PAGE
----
Preparing For The AWS Certified Solutions Architect – Associate Level Exam

Amazon Web Services has done nothing short of disrupting the traditional data center paradigm. Large corporations to small startups are testing, prototyping, and sometimes flat out converting large scale data centers to Amazon Web Servers. Running applications on Amazon Web Services isn’t exactly the same as running them in traditional hosting environments. In some ways it feels the same and in others it feels, well, incredibly better.

With AWS we can build our applications on top of a scaleable and elastic, fault tolerant infrastructure that helps react automatically to any change in demand for your app. Here is the most common misconception of the cloud, it’s not magical. It doesn’t just “do everything for you”. You still need to build on it, code it, automate it, configure it, network it, and everything else. You just do it differently now. To help prepare organizations and individuals for this process, Amazon recently announced a certificate program called AWS Certified Solutions Architect – Associate Level.

I’ve recently had the opportunity to sit in on this exam and pass it on the first try. Without breaking any NDA’s I agreed to while taking the exam, I’m going to attempt to help you “prepare” for the exam. After reading several other posts on the internet, I notice that they are pushing you disproportionately towards services such as VPC (Virtual Private Cloud). Lets see if we can’t clear a few things up and help you prepare for this exam.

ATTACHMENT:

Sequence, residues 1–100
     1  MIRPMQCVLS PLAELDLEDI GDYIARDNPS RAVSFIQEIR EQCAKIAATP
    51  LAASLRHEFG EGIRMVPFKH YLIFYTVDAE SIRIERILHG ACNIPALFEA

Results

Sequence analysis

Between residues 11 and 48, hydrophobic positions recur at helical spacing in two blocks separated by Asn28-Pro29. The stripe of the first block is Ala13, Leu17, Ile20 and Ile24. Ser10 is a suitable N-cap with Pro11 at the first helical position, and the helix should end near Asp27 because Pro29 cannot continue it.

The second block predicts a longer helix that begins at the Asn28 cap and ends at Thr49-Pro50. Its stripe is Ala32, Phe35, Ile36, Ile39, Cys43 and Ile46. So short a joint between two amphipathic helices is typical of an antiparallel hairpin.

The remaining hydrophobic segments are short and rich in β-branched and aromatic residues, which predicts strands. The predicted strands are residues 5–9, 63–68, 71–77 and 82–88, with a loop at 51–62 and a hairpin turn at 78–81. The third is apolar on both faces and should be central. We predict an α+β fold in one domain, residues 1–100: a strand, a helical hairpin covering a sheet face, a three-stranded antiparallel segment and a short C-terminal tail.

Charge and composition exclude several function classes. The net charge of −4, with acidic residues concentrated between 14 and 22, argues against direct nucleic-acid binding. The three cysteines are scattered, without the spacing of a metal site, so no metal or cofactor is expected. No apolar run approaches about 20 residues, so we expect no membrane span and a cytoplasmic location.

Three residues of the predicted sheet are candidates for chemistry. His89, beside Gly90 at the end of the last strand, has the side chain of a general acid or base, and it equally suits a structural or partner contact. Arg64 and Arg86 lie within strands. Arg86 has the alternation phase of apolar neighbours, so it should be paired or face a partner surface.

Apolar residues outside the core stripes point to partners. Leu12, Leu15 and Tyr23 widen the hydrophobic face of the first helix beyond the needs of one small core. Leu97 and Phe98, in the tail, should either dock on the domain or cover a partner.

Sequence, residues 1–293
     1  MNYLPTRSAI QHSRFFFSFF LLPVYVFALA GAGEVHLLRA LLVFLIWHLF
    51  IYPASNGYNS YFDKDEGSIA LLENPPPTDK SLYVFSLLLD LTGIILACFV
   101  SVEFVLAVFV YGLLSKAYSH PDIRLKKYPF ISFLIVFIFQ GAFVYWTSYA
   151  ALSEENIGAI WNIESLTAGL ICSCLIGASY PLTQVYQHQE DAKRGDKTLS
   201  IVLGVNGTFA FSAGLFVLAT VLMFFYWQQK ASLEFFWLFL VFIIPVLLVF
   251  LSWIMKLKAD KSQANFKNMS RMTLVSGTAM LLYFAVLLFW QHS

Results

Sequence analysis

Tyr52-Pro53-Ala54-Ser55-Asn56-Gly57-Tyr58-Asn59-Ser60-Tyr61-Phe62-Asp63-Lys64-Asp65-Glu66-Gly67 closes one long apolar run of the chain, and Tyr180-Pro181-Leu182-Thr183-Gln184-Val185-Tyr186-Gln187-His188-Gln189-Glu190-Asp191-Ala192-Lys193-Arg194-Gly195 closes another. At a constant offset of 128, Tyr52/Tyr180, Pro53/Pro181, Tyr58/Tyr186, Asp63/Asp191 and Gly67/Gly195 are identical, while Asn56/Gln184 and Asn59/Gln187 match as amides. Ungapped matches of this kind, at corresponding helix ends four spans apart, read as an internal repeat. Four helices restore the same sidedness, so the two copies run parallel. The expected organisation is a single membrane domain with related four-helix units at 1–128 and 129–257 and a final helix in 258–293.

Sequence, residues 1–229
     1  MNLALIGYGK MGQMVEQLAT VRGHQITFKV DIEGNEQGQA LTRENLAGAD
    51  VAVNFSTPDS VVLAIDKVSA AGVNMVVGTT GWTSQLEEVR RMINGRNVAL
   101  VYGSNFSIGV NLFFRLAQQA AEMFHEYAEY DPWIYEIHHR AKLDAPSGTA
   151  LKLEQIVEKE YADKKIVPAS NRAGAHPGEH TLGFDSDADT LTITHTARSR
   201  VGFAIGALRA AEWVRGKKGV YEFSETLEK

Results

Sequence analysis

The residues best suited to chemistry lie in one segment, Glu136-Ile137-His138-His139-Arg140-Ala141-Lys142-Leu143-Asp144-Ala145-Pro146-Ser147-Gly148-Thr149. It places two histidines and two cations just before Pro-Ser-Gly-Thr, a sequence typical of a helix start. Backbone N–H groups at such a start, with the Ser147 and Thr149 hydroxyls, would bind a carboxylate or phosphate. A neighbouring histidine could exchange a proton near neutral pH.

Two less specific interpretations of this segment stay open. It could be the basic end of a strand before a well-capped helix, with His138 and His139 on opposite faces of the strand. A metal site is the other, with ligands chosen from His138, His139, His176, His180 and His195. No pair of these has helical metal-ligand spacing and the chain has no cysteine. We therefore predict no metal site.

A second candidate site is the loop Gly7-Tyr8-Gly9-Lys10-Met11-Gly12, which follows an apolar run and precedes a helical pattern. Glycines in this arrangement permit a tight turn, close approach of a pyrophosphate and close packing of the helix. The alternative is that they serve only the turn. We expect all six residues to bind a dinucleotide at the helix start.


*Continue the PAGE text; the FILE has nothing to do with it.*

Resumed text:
My Favorite Linux Tools for Windows

Let’s face it, no matter how much we wish that it weren’t true or how much we try to avoid it, we all have to use Windows some time. In fact, if you work in Information Technology, odds are you have to use it more than you would like. You may even be forced to use it on your local desktop, either by corporate policy or because some Windows application won’t run in Linux, native or Wine. So, let’s talk about some tools and applications that we can use in Windows that either make it more “Linux-like” or facilitate our access and administration of Linux.


The Cron Daemon

Scheduling Recurring Tasks on Linux Using Cron

Cron is a daemon used to schedule any kind of task you can imagine.  It is useful to send out emails on system or program statistics, do regular system maintenance, make backups, or do any task you can think of.  There are similar programs on other Operating Systems.  On Mac OS X, cron has been replaced with another daemon called launchd.  On Windows you have the aptly named “Task Scheduler”.  If you are craving a GUI for Linux, Gnome-based systems like Ubuntu, include Gnome Schedule which acts as a nice front end for cron.


Linux: SSH Tunneling, Port Redirection and Security

At this point, we can say that using telnet as a means of accessing servers is effectively dead. It took awhile, but the security concerns associated with it were finally elevated to the point where everyone finally made the choice to move to SSH. Why did we stop there? SSH provides one of the most secure methods of accessing a system and its services that is available anywhere. In addition, as you will see in this article, it can be used to access services that are traditionally not secure and should really never be used without it. Let’s dive in.


What I Learned At The Linux Academy